• Story alerts
  • Letter to Editor
  • Pin it

My pal Bernice's parents are celebrating their 50th wedding anniversary this winter. I've been hearing a lot of the planning over our weekly coffee meeting. "It's going to be huge," Bernice said, eyes popping out of her head. "My sister is going overboard with the party. She's hiring a mariachi band for the hors d'oeuvres hour, followed by a big band for dancing. She's already reserved a plane to fly over the reception with a sign saying "Congratulations Bob and Mary," and she is thinking of having an ice sculpture at the party." The last item had not yet been settled and I offered to do a little digging. Bernice was relieved. "That's my duty for the party, and I am just not good at all the details," she added. No more needed to be said. Eve was on it. "We do sculptures for corporate events, for private events, such as wedding, anniversaries, birthdays, the whole gamut," said Christiana Donovan, president of SoCal Ice Productions. "The sculptures are done in advance here at our studio and generally we need at least a two- to four-week advance notice. So, for example, if someone were to call today for an event that is happening tomorrow, in all likelihood they probably wouldn't get it. We have a large walk-in freezer where the work is done. Some of the sculptures are computer assisted."

Donovan explained computer-assisted technology. "It is a CNC machine, which is a Computer Numeric Command machine for ice sculptors. So if the client had a specific design in mind for the artwork, we ask them to send us artwork in a specific format, or we create the artwork, and it is then sent from the computer to the cutting machine. It might cut the exact design; for example, with a corporate logo, it will cut the exact corporate logo, and then we do the finish work. We do all the details around it, cutting the outside of it and such. But that is really just for one- and two-dimensional designs. For three-dimensional designs, it has to be finished by hand."

What tools are used?

"For the rough cut, a chainsaw is used and then the details are done with Japanese ice-carving chisels. They are professional chisels that are designed specifically for ice carving. And we also use some power tools such as Dremels, sanders, and grinders. We have one full-time artist and two part-time artists. On average, depending on the design, it takes anywhere from two to five hours to carve a sculpture."

How is the sculpture displayed?

"They are delivered with display equipment. There's a clear tray that sits on the table that has a small drain hose that goes off the back into a bucket under the table, so the water is being safely drained away from the sculpture as it melts. And then there is a small light that is placed behind the sculpture to illuminate it. The event coordinator every couple of hours needs to monitor the water that is in the bucket. Usually it is not going to melt enough for them to be concerned, but they just need to keep an eye on it to make sure that nothing is backing up, that it doesn't overflow. The typical size is about 3 feet tall by 20 inches wide. It will melt in anywhere from two to five hours depending on whether it is inside or outside. We deliver about an hour before guests arrive."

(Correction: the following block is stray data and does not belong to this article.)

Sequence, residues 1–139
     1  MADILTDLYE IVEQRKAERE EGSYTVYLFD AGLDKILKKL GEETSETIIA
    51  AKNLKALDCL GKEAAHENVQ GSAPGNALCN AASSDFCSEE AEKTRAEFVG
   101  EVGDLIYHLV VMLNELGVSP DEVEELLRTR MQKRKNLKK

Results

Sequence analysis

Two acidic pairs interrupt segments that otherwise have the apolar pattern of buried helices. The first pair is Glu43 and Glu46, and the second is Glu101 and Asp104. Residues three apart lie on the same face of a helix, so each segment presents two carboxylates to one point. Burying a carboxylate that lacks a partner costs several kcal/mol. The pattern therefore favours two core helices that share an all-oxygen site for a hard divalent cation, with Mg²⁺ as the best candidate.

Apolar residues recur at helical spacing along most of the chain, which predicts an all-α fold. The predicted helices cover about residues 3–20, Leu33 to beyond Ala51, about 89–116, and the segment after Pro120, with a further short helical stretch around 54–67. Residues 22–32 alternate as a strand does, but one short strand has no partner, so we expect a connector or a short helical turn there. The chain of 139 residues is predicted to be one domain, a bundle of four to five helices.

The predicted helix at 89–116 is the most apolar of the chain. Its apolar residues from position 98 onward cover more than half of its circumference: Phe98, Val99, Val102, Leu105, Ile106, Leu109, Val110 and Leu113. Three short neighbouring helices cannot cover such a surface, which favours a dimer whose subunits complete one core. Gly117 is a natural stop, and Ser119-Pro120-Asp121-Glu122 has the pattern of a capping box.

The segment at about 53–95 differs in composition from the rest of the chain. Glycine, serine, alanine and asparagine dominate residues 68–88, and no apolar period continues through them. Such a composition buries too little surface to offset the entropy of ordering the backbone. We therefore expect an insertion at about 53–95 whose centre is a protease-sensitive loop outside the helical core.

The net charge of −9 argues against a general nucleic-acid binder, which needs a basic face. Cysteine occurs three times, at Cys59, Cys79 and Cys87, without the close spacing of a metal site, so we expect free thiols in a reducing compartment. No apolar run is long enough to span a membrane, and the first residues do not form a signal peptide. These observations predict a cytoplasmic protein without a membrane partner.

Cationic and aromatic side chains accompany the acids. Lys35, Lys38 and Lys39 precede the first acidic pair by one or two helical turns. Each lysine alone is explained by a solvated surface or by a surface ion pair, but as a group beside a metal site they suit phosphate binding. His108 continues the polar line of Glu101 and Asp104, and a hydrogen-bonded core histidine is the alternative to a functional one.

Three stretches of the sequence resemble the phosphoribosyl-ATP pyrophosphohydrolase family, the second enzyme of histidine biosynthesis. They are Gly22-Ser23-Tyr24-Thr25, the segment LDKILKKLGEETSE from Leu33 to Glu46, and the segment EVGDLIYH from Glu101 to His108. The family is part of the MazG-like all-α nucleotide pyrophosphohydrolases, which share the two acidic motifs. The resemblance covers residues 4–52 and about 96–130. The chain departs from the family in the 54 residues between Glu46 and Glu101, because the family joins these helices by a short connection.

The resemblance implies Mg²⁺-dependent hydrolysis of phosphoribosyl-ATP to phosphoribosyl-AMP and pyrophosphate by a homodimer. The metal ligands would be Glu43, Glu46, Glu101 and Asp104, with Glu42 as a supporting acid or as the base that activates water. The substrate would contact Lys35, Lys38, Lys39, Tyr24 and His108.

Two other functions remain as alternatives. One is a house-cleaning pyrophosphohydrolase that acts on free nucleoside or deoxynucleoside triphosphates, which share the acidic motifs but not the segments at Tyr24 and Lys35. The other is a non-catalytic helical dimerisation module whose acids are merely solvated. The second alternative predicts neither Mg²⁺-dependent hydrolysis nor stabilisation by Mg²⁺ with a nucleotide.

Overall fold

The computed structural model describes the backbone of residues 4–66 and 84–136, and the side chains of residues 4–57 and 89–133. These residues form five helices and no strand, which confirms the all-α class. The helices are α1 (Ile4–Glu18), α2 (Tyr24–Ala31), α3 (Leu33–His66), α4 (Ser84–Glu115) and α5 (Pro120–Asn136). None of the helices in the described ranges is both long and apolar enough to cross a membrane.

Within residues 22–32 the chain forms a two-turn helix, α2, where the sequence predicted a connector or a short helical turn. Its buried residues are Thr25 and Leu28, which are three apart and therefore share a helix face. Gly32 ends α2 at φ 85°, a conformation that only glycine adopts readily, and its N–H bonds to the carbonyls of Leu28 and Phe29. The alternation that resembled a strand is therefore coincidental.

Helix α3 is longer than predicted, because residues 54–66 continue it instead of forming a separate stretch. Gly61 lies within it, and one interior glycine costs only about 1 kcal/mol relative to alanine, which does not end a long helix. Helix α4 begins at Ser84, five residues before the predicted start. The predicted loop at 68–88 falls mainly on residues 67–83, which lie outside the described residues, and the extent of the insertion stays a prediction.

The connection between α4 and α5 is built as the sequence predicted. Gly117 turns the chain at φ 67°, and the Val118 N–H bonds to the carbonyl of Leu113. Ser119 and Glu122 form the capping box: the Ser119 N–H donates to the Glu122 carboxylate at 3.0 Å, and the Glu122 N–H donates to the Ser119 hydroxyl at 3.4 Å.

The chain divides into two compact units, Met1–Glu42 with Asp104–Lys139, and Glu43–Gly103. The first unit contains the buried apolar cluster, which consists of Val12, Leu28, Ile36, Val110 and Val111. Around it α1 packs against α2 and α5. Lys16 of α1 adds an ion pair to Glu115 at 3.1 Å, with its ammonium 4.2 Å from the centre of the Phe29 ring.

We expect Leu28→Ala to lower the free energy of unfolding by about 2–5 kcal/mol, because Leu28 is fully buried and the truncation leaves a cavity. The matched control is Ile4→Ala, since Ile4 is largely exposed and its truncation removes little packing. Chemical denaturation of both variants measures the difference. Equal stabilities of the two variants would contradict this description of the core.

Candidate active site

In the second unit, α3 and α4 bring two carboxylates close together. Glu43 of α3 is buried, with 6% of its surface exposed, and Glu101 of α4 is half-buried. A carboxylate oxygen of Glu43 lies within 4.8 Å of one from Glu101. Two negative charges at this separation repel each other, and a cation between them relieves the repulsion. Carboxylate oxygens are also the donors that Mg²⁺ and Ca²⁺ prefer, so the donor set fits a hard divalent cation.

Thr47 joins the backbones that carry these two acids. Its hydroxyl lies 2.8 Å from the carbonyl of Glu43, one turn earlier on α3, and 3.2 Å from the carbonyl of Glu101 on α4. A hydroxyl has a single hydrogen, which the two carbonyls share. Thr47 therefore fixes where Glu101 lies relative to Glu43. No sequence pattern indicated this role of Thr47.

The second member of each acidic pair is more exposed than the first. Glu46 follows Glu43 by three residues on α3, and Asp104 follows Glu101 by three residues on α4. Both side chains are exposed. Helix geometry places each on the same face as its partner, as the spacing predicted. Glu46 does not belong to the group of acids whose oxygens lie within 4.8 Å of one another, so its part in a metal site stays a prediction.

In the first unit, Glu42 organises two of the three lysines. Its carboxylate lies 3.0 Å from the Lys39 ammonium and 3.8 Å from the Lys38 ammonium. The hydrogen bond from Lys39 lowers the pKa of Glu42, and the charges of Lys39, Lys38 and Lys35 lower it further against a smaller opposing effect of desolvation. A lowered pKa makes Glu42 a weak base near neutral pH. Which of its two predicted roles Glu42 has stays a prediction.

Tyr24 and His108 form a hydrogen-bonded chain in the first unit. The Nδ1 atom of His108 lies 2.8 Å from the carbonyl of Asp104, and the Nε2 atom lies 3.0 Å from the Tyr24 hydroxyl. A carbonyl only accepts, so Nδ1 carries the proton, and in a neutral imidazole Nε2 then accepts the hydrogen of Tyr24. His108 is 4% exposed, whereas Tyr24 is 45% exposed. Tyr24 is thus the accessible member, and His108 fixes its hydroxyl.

Do you do colored ice sculptures?

"Yes, we have a special process called color inlay that we use when clients request color. It's more of a special request. I think if the color is important to a person's logo or to their theme, then it will definitely add to the overall effect. If it's not crucial, and they want the clarity and the crystal effect of the ice, then they would usually just have a clear sculpture."

SoCal Ice Productions has over 50 designs on their website ( www.socalice.com ) that clients can choose from. Or, clients can bring in their own design. "The average price that people are spending on their sculptures is between $450 and $500 ," offered Donovan. "What's really popular right now are drink luges and ice bars. Drink luges are ice sculptures where a martini or a mixed drink is poured through the sculpture. It's an interactive ice sculpture, basically, and that's what makes it kind of special. The bartender will pour the drink through the ice sculpture and the guest puts the glass at the base to receive the drink. An ice bar is kind of an interactive way for the guest to enjoy an ice sculpture. They walk up to this gigantic seven-foot ice bar and they get served whatever beverage they want. It might have their corporate logo on it, or the bride and groom's monogram on the front of the ice bar, and then they have the bartenders behind serving the drinks. There might be drink luges on the ice bar, too. There are lots of ways that people can enjoy the ice sculpture other than just looking at it." Drink luges cost about $450 to $500 . Ice Bars range from $2750 to $3500 .

SoCal Ice Productions also offers ice shot glasses and ice sorbet dishes. "We deliver them in an insulated box with dry ice. They take as many shot glasses out at a time that they are anticipating using. They let them warm up for a couple of minutes and then they pour cold vodka or whatever they are serving inside the glass. Then they serve it to the guest, by putting a napkin on the guest's hand and then putting the shot glass on the napkin. They can get two or three shots per glass out of it. It is definitely more for a kind of 'wow' effect. It is so unusual that people really remember it." Ice shot glasses cost $2.50 each, with a minimum order of 50. The ice sorbet dishes cost anywhere from $5.50 to $8.50 apiece, and they're usually used for intermezzo (a small palate-cleansing dish served between larger courses).

  • Story alerts
  • Letter to Editor
  • Pin it

More from SDReader

More from the web

Comments

Sign in to comment

Join our
newsletter list

Enter to win $25 at Broken Yolk Cafe

Each newsletter subscription
means another chance to win!

Close